As for the Economist, and laudatory stories like this one (excerpted above), well … they are nothing more than fairytales. India itself is a desperately poor country and more than a century of regulatory democracy has done little to improve things. Millions still face starvation every day and live on the street. India is no success story.

Nor is it meant to be. What the British elites (Anglosphere) did originally was take a number of disparate cultures and regions and, via the brute force of arms, combine them into one country called India. The Anglosphere elites then proceeded to "rule" India and now the media mouthpieces of the British elite are to comment approvingly as the next steps are taken.

What are the next steps? Having combined India into one seething cauldron of corruption and dysfunction – while making sure there is nowhere else for India's miserable billion-plus to go – the British behind the scenes are supporting a campaign for austerity and governmental transparency.

We've written about this campaign several times previously. It's part of a large cynical and brutish British effort to further homogenize India and get it ready for merger with other sub-Asian nation states. Pakistan has been fingered for similar treatment – though that's not going so well currently.

The current laudatory Economist article is part of this larger campaign. The idea is that India has now made a great deal of "progress" in building Western-style civic and monetary institutions. As a technocratic elite continues to ascent to prominence in India, the next steps toward a larger regional facility can be taken.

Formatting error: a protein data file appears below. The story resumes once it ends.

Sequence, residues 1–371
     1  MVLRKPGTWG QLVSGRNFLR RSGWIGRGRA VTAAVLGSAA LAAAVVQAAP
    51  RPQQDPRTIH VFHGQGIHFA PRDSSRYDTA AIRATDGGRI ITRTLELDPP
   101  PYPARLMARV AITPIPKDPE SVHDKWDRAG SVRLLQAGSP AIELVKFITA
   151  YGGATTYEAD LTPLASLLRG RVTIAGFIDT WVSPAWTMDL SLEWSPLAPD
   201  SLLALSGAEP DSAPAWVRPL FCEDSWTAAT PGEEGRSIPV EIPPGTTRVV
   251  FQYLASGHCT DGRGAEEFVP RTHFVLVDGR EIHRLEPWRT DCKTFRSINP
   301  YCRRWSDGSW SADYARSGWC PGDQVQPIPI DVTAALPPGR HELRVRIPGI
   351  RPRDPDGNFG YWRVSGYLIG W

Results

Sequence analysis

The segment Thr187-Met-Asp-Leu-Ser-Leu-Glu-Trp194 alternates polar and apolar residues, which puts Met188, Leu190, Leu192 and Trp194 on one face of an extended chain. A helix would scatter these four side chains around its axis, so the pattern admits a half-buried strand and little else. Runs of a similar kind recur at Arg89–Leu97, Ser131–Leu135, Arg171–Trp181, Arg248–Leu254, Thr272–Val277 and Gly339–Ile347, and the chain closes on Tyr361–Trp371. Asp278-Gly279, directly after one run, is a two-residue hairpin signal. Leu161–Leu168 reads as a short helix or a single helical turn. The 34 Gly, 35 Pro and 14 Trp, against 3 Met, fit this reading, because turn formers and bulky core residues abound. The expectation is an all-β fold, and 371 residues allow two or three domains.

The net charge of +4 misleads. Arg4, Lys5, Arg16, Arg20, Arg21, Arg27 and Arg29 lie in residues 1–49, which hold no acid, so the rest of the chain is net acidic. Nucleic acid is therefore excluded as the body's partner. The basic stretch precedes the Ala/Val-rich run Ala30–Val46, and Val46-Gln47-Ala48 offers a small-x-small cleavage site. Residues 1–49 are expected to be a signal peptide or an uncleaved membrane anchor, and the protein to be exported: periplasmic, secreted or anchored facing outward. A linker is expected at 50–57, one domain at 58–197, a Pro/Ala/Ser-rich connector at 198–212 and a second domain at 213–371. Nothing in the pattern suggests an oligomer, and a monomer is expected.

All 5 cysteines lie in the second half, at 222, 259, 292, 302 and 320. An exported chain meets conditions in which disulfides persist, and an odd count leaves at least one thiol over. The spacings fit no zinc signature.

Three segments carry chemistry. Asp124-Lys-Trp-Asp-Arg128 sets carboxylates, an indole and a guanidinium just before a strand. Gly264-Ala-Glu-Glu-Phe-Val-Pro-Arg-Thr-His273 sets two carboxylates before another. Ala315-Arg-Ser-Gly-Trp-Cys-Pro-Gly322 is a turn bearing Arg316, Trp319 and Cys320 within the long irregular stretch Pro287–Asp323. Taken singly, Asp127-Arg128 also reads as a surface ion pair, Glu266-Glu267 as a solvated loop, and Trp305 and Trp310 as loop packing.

It's all very cynical, and one has to study it for a long time to get a sense of what's really going on. But there seems to be a recipe to these things, one that is being applied today to the Middle East. One starts with military power, creates the rudiments and regulatory democracy and central banking and then gradually builds a ruinous and coercive federal government that can be further combined with other similar entities in even larger configurations.

This is what happened in Europe. This is what is scheduled for South America, Africa, Asia, etc. Of course, as we often note, the elites have run up against what we call the Internet Reformation. The heady days of the 20th century have come to a trembling halt. More extreme measures are needed.

The order of the day now is war, mayhem, authoritarian legislation and global police actions. The brutal wedge of copyright enforcement and policing actions have been leveled directly at the Internet. This Economist article (and the Economist generally) harkens back to a simpler era when the power elite controlled all media and could generate its promotional memes without fear of pushback.

But in the 21st century, such dominant social themes are not working nearly as well. The financial and economic illiteracy that the elite-managed media depends upon is gradually being eroded by free-market – "Austrian" – economics.

The idea that government rules and regulations or central bank monopoly-fiat price-fixing can make society function better is a profoundly dishonest one. Doesn't matter whether the central bank is "depdendent" or "independent." Nor do the elites really have a way to counter this dawning realization except by trying to shut down the offending messengers and messages.

This is not a good solution as there is but a handful of "real" elites and billions who are not. Not being very imaginative, elite mouthpieces like the Economist will continue to churn out these sorts of misleading promotional articles. This is not such a good idea, either.

After Thoughts

Over time, we would tend to believe, such evident and obvious creations will begin to marginalize themselves. Yesterday's "thought magazine" may become tomorrow's irrelevancy.